October 03, 2008
Today, I came to the realization that I long for the days when I was a coldhearted, cynical trauma/medevac nurse. It was so much easier taking care of inner city trauma patients, where the knife and gun club was in full swing and the much used excuse of “I was just standing on the corner minding my own business and this dude, this dude, man, he comes up and shoots me for no good reason” was ever present.
Now I long for the days when I didn’t care. For the days when the majority of my patients were where they were because they had been doing something they shouldn’t. For the days when I had no compassion. For the days when a scornful sneer was the expression fixed upon my face as I listened to my drunk or stoned patient alternate between whining, cussing and crying. For the days when I wouldn’t even attempt to make time to deal with the wife or mother reeking of alcohol claiming her baby was "a good boy who never got into any trouble", though this “good” boy had shot four people.
Four years ago I made a change, and in making that change my heart melted. But now some indifference would be welcome, a reprieve for a heart that hurts too much. I want to be that cynical nurse again, the one so cold and standoffish they nicknamed me "the ice princess". God, please! I want that ice. Please take away this pain.
Today, my first day back to work after ten days off, I learned that a patient I have cared for since June has taken a turn for the worse. He was shot in Iraq and gravely injured, and his wife has been at his bedside since the moment he came through our doors. A woman my own age, she and I quickly became friends. She has nothing left of her life before his injury, and her children have been uprooted to live with their grandparents so she can be with him.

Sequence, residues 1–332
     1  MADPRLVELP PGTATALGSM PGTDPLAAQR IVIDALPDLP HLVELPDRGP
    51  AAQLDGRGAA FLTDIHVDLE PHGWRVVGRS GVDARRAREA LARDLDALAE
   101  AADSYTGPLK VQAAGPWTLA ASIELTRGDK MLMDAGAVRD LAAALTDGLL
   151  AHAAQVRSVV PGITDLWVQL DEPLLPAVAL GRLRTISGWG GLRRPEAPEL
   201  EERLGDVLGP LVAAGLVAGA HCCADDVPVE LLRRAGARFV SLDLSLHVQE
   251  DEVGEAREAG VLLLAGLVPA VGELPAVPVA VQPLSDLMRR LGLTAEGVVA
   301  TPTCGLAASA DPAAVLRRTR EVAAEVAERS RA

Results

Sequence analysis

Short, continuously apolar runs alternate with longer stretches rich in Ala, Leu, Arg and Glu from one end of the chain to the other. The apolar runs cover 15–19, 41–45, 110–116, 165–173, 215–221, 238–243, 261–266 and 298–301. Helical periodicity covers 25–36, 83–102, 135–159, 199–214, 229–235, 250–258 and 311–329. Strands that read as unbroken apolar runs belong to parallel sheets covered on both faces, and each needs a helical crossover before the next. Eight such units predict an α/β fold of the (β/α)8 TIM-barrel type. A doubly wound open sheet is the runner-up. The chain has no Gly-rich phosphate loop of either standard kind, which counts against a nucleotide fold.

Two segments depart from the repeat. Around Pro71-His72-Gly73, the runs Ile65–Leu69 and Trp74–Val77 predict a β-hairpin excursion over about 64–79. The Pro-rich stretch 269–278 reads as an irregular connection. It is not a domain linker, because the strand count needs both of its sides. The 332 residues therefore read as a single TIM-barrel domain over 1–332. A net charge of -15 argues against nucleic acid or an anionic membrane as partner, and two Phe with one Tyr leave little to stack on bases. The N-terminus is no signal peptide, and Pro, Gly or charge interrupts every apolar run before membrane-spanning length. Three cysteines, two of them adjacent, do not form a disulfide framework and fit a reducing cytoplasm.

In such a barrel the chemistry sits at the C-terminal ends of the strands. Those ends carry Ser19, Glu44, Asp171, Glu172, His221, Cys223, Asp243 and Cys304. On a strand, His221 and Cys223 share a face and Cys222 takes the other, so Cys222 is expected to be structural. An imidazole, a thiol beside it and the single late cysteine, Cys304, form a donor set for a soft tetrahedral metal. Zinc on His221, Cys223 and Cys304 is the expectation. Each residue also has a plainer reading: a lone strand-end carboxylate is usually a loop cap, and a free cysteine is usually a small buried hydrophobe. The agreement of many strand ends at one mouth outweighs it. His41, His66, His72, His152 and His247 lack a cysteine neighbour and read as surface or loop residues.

She stood up when she saw me and started to talk. She said she had learned from the doctors that due to the latest setback he would no longer get better. He would spend the rest of his life needing 24/7 care and remain in a vegetative state. She said knowing her husband, that would not be what he wanted. Today she made the heart wrenching and difficult decision to withdraw life support. Tears rolled down her face. I wrapped my arms around her shoulders and whispered to her, ”If there were anything I could do, I would do it.” She nodded and told me she knew I would. We stood that way for a minute, her stifling the agony inside her and me brushing away the tears flowing from my eyes.
So the children came. After we spruced him up, put on his favorite aftershave, I watched his children come into the room. I watched as they crawled up on the bed and lay beside him. I watched these children, far too young, say goodbye to their dad. Tomorrow when the children leave for their temporary home with their grandparents we will begin to withdraw life-supporting care. His wife asked me how long it would take after we stop everything. Hours, days, weeks? I don’t know and I could not give her an answer.
Tomorrow when I go back to work I will begin the process once again of helping a family whose loved one is dying. Please, can I have that ice?